"You're always on the hot seat in this profession," Tennessee's coach said when asked to address the subject for Lindy's preseason football magazine.
In fact, the temperature ranges from hot to hotter. It soared at Tennessee after a season-ending loss to Kentucky left Dooley with back-to-back losing seasons at a program unaccustomed to such misadventures as the one that occurred last November in Lexington.
So now, fans don't just ask: "How do you think the Vols will do?" Another question is just as prevalent: "How many games does Dooley have to win (to keep his job)?"
The hot-seat issue repels most coaches. But Dooley engaged it with equanimity at the SEC spring meetings Tuesday.
"I grew up in it," said Dooley, whose father, Vince, was a longtime head coach at Georgia. "I grew up with the 'Dump Dooley' signs and the 'For Sale' signs in our yard and the house getting rolled after a loss.
"It's something you have to accept."
You have to accept it faster these days, no matter how decrepit the program was at the time of your hiring. And neither the worst of circumstances nor the most dreadful luck is deemed an acceptable
excuse for anything less than a rapid ascent.
"I think my father would be the first to tell you there are two or three times during his 25 years (at Georgia) that he would have gotten fired under today's standards," the coach's son said.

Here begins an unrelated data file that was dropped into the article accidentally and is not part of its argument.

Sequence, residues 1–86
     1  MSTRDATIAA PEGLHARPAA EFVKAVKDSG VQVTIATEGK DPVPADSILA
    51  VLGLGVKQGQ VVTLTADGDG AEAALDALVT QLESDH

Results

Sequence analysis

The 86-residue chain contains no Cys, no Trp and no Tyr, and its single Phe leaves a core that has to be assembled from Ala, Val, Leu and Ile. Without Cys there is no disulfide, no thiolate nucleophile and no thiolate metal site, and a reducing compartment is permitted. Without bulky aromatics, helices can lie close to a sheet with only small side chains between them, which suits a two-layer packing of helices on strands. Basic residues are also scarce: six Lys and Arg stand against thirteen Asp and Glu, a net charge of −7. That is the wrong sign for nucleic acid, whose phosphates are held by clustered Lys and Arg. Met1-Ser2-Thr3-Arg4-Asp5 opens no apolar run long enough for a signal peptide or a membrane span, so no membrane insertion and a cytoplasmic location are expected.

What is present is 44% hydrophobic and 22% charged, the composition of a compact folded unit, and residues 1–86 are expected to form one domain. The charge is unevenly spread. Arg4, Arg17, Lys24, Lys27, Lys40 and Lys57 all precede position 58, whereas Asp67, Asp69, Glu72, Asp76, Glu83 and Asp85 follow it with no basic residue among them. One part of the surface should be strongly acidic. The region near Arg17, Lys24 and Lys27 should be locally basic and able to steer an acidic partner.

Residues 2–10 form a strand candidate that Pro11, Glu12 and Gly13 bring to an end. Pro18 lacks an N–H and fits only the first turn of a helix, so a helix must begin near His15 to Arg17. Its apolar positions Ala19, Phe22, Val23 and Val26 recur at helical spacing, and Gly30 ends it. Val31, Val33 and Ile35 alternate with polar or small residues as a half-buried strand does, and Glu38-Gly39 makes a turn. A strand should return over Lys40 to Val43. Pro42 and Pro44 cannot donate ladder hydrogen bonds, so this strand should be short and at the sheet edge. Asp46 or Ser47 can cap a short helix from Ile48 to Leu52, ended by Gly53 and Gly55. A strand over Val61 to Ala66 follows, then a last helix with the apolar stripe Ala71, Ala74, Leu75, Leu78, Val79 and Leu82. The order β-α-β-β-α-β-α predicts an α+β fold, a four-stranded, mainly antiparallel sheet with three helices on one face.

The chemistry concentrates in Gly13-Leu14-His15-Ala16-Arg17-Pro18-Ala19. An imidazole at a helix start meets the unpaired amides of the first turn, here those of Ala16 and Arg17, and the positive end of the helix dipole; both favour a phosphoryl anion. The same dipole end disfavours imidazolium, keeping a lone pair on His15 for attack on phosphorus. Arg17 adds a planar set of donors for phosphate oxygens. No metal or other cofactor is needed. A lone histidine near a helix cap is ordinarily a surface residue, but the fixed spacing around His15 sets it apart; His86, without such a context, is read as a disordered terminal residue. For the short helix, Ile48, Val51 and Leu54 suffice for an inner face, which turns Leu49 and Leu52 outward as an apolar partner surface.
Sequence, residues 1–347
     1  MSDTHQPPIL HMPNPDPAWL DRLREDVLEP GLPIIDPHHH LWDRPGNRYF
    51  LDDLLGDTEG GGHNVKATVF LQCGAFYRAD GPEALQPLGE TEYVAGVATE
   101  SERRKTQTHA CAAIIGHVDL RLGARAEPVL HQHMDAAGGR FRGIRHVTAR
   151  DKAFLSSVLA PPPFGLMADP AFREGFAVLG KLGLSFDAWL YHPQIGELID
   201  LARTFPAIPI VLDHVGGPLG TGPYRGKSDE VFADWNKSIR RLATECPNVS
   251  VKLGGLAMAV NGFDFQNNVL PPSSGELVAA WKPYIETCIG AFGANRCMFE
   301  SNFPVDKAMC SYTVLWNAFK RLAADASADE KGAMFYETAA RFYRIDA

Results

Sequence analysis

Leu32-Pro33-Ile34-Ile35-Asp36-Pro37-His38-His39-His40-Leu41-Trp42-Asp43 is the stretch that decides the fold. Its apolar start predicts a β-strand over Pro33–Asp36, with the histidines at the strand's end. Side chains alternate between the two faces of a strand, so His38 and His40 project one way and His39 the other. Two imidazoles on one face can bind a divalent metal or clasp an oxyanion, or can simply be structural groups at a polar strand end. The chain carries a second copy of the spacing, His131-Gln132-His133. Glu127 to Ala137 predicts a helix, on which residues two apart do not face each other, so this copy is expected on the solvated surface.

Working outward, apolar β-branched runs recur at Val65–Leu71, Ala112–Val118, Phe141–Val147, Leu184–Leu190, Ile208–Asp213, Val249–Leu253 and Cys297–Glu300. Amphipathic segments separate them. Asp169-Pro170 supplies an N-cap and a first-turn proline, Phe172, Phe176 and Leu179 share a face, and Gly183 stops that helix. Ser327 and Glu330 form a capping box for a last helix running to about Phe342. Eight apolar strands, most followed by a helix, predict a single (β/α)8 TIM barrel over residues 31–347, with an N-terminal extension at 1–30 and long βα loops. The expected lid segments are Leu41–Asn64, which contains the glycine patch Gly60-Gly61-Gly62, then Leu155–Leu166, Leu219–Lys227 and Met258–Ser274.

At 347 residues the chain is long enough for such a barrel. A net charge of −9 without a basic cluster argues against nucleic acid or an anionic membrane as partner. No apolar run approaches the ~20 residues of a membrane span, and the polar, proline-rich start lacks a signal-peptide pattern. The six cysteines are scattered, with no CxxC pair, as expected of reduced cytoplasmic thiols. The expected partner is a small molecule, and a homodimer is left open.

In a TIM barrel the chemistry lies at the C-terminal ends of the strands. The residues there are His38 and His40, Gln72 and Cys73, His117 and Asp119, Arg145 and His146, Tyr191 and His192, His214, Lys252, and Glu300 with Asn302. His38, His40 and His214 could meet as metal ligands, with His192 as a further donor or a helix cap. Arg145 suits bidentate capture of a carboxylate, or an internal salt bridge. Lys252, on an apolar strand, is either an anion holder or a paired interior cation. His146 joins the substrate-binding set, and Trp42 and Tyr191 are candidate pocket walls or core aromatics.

"But we get a lot more money. That's the drawback. You can't have it both ways."
Never mind how much you pay a coach. You can't always buy your way out of adversity fast enough to accommodate an impatient crowd.
Look at all the obstacles placed in front of Dooley in his first two seasons:
A January hiring, after former UT coach Lane Kiffin made a fast break for Southern California, that forced Dooley to hurriedly assemble a coaching staff while pulling together a recruiting class at a hectic pace.
All the player attrition, resulting largely from having three head coaches in a 15-month span.
An NCAA investigation that produced a negative air mass above the program for more than a year.
Back-to-back schedules in 2010 and 2011 that were sufficiently brutal to get an established coach fired.
Injuries last season that deprived the team of its best player (wide receiver Justin Hunter) for the large majority of the season and quarterback Tyler Bray for half the season.
UT first-year athletic director Dave Hart was on the job soon enough to see all that went wrong in the loss to Kentucky.
He wasn't here to see all the mishaps and misfortune that put the Vols in harm's way against a team as incompetent as the Wildcats.
It's Hart's responsibility to put all of that in perspective when evaluating the state and direction of UT's program. But what matters most is what happens next.
The Vols return more starters than any other team in the SEC. Their schedule isn't as demanding as the last two. And despite the mass defection on his coaching staff, Dooley seems more comfortable with the new one than the old one.
"I do have a better feel for what this place needs staff-wise, besides the generic qualities you want from all coaches," Dooley said.
"It takes awhile to tell what's going to be successful at a certain place. Sometimes, you get it right away. Sometimes, you need to get rooted in."
And sometimes, you don't have enough time.